How to help students struggling with the move from elementary to middle school
Gena was failing most of her sixth grade classes when she decided to stop going to school. Her mother, Sheryl, called me in a panic. I hadn’t talked to Sheryl in years, but we’d grown up together, and she knew I was a school counselor and psychotherapist. “I know I’m calling you out of the blue,” she said, “but I don’t know what to do. Gena doesn’t seem unhappy, and she’s a capable student with plenty of friends. Would you talk to her?”
As soon as I met Gena, I understood why Sheryl was bewildered. Gena came across as likeable, smart, and even-keeled. She made wry, spot-on observations about middle school drama and excitedly shared her love of baking and ice skating. “Your mom thinks very highly of you,” I told her. “She wants to help you, but she’s having a hard time figuring out what’s getting in your way. I’m guessing this situation isn’t ideal for you, either.” Gena conceded that she felt stuck and confused.
As we talked, I pieced together her story. Gena had been an A student through fifth grade, but found the middle school transition disruptive. She’d been tight with elementary school staff, but barely knew her sixth grade teachers. Academic expectations were higher, and her grades dropped precipitously, which rocked her self-concept.
She’d also been designated the emotional anchor for her friends. New and old friends pinged her around the clock for help with unrequited crushes, perceived slights, lopsided friendships, and spilled secrets. Her classmates were drawn to her steadiness, but there was one problem—it was all a facade. None of her teachers knew her well enough to see the cracks, or to understand that her grades didn’t reflect her ability.
Gena’s decision to shut down was maladaptive, but it made sense. She could preserve her perception of herself as an A student and get relief from her friends’ neediness. I told Sheryl that avoidance exacerbates anxiety and recommended that Gena start seeing a therapist and get back in school as quickly as possible. I also suggested that Sheryl contact the school counselor for help.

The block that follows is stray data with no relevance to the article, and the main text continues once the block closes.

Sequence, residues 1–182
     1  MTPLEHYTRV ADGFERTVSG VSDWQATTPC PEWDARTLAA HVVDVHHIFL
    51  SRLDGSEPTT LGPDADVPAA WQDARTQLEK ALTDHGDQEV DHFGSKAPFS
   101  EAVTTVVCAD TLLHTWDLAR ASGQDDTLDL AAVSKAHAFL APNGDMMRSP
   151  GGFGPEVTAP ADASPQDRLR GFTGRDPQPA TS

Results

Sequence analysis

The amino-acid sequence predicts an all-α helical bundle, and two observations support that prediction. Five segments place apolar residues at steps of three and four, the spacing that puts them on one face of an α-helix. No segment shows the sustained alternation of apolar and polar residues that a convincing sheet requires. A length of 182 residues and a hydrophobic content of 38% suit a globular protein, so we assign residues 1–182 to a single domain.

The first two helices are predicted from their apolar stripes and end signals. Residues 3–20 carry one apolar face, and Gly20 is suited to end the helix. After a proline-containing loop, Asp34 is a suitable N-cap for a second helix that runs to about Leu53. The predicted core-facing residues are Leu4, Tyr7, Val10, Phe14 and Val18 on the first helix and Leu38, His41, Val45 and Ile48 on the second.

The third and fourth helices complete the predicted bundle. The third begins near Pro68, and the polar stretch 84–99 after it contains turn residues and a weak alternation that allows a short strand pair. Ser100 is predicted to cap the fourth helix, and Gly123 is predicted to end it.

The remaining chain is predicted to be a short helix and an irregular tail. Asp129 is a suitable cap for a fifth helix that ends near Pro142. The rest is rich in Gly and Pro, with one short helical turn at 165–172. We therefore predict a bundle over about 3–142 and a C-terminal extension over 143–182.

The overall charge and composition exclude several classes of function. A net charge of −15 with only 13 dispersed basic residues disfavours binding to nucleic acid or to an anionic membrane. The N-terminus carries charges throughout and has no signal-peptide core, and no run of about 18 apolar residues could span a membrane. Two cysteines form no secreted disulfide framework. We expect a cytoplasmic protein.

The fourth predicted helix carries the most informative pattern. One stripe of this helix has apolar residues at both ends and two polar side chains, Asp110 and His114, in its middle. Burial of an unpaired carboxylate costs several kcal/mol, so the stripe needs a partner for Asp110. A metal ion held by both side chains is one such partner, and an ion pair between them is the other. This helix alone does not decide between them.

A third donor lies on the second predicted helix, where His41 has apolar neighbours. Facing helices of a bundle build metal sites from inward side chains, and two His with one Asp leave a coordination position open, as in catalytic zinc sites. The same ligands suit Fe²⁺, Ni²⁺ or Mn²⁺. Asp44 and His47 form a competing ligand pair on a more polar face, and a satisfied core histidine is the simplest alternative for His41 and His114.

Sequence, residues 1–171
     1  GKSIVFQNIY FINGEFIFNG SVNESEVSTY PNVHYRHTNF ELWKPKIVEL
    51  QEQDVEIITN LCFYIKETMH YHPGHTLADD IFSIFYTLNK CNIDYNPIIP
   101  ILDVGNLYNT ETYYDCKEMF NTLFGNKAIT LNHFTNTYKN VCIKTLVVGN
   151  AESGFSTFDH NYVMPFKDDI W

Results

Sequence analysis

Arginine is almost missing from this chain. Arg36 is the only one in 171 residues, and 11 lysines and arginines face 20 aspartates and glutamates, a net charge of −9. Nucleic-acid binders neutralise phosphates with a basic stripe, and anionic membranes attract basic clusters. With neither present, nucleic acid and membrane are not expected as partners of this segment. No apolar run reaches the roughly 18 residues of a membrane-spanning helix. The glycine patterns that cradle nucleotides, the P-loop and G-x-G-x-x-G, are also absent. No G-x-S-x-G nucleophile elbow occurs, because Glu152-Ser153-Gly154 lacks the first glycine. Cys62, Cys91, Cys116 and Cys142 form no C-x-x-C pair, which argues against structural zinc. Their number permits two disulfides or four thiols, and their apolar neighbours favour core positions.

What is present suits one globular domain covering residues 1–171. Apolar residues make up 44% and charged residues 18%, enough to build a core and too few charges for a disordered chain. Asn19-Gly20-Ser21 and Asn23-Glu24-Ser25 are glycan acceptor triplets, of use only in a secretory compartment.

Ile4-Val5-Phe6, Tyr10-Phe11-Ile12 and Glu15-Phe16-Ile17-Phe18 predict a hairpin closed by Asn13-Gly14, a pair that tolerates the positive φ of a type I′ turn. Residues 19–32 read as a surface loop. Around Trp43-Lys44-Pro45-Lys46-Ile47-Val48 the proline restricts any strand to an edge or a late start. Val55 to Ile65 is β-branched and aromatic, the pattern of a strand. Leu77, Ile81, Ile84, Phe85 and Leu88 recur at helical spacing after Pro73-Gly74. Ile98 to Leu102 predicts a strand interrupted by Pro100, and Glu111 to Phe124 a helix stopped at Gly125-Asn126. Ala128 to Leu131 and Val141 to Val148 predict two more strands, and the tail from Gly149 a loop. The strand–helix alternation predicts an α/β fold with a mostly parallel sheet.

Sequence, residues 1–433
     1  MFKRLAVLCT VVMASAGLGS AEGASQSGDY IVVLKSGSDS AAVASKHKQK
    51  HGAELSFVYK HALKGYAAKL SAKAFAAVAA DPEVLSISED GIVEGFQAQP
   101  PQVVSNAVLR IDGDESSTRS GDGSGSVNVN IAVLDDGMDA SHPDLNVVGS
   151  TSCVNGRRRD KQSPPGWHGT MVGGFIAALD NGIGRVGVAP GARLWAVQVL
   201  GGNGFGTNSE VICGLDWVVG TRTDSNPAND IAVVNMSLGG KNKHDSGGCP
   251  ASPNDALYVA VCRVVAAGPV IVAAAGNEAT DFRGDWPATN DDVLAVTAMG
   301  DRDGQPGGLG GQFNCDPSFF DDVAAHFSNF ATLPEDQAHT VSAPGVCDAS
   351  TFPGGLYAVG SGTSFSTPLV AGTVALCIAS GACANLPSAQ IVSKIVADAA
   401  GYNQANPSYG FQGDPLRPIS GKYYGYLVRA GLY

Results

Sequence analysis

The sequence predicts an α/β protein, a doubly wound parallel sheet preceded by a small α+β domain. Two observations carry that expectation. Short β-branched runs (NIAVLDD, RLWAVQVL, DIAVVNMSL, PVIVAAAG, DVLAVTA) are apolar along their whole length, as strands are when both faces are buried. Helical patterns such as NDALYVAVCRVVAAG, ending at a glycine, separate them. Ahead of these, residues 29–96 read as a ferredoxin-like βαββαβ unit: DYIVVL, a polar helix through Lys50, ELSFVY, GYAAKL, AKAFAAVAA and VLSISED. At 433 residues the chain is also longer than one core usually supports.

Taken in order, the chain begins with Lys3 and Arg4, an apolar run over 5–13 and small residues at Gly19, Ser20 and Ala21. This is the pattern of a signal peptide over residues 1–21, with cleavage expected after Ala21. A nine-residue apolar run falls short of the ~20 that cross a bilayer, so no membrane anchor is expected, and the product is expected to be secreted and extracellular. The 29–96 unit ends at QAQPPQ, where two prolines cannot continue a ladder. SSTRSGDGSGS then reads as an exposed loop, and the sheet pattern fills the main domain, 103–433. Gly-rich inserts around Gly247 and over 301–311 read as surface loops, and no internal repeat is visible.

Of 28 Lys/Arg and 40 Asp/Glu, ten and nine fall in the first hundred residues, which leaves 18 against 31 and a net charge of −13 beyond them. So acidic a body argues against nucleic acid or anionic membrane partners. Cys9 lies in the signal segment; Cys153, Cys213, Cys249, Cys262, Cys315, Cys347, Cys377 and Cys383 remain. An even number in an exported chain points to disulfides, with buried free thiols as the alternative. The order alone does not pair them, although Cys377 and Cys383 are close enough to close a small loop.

The middle school transition can be tough. Just when tweens most crave connection, they encounter a rotating cast of teachers and peers. Here are four evidence-based ways to give them back a sense of agency and belonging.
Rethink the middle school model.
More schools are experimenting with organizational structure, including Argyle and White Oak Middle Schools in Montgomery County, Maryland, which implemented a program called Project SUCCESS. Select sixth graders can spend half of their instructional time with the same teacher and an intact peer group.
“As teachers become specialized, relationships begin to suffer,” notes Dr. Robert Dodd, the principal of Walt Whitman High School in Maryland, who founded the program after several years as a middle school principal. “Some students start to think teachers care more about their grades than their learning and become progressively disengaged from school,” he explains. “In some instances, teachers don’t trust students as much, and students don’t feel their teachers care as much as they did in elementary school.” Project SUCCESS data show that when schools create stronger cohorts, kids feel better and achieve more.
Casey Siddons, who taught in Project SUCCESS for three years before becoming a consulting teacher, attributes its success to a number of factors. “We went into the program with the idea that we would actively foster a familial type of learning atmosphere,” he says, adding that he used morning meetings, class climate surveys, and online “issue bins” to give kids a way to share their concerns. He also regularly let students choose what and how they learned.